Rice is rice is rice, right?
I figured flavor and texture might vary, but I figured nutritionally that statement was correct. But I was wrong.
I came upon this fact through personal experimentation. At this time, I am trying to maintain a daily macronutrient ratio of about 195 grams of Protein, about 100 grams of carbs and 200 grams of fat. Though I have increased my intake of green vegetables, it takes a truckload to fuel my daily carb requirements. To get my carbs I need to go to starchy veggies like sweet potatoes and winter squashes. Sometimes I opt for white rice.
My personal favorite is Jasmine rice. I like it’s moist and sticky texture. And it is very reasonably priced, especially if you get a five-pound bag at the local asian markets.
I also like Basmati rice, but I find it to be dryer and since it isn’t as sticky, the grains are fluffier.
Both of these rices have a delightful aroma when they are cooking in my rice cooker.
So back to my intro; rice is rice is rice. Yes, and no. Though one may see little difference in these two varieties, your body sees them as considerably different. The Jasmine Rice has a Glycemic Index (GI) of 109. Basmati Rice is almost half that at 58. What does that mean?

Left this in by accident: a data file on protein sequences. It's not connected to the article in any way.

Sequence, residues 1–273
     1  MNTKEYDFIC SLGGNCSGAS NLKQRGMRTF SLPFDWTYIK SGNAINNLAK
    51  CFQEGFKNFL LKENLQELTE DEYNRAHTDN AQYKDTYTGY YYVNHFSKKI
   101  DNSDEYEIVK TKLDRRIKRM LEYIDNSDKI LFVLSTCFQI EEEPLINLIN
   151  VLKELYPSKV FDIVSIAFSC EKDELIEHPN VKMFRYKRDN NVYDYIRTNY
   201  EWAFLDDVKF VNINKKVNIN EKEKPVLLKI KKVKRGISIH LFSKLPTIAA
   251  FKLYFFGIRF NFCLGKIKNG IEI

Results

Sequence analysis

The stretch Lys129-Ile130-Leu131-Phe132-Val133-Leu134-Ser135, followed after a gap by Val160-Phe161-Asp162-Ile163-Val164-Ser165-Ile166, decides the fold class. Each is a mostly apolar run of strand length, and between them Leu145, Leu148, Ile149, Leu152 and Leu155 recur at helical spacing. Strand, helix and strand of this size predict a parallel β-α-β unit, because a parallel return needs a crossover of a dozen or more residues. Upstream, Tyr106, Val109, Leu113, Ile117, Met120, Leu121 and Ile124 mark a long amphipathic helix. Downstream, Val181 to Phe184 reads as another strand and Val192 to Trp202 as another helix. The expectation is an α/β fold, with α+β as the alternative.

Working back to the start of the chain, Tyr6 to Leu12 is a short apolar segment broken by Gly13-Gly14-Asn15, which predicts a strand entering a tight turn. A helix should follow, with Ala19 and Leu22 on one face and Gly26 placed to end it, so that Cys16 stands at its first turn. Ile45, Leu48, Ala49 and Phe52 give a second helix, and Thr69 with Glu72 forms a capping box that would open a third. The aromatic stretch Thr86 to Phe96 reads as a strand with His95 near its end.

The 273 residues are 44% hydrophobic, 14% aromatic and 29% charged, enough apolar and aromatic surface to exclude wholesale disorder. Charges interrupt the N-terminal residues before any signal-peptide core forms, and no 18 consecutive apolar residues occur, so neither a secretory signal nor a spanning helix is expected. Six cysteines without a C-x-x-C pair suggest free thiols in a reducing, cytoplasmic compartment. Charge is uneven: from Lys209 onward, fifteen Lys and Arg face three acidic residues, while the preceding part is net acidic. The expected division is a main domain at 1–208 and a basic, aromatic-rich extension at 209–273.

The Glycemic Index (GI) of a food is a measurement of how quickly blood sugar levels (i.e., levels of glucose in the blood) rise after eating a particular type of food. But GI is only part of the equation. The other component is called Glycemic Load (GL), which considers the volume of this food consumed and it’s Glycemic Index. Foods are classified as having a Low (<=55), Medium (56-69 ), or High (>=70 ) Glycemic Index. A low GI food will release glucose more slowly and steadily, which produces a more suitable post-meal blood glucose readings.
But simply knowing the GI and GL of a food aren’t the only variables. Since foods are seldom eaten as the sole component of a meal, one must consider the potential interaction of these foods, when combined as a meal. For example, adding vinegar will lower GI. Fat can slow down digestion, and so reduce GI. While adding fat or protein will lower the glycemic response to a meal, the relative differences remain. That is, with or without additions, there is still a higher blood glucose curve after a higher GI rice, such as Jasmine, than after a lower GI rice such as Basmati.
My new found curiosity regarding Glycemic Load is because it appears to be beneficial to me in understanding insulin resistance, and weight management.
Though I compared two varieties of rice, there are a gazillion that you can sample. This link will highlight some of the characteristics, but you will have to Google them yourself to check on the GI of each variety.
Who woulda thunk that advice as simple as “eat white rice” could be so complicated?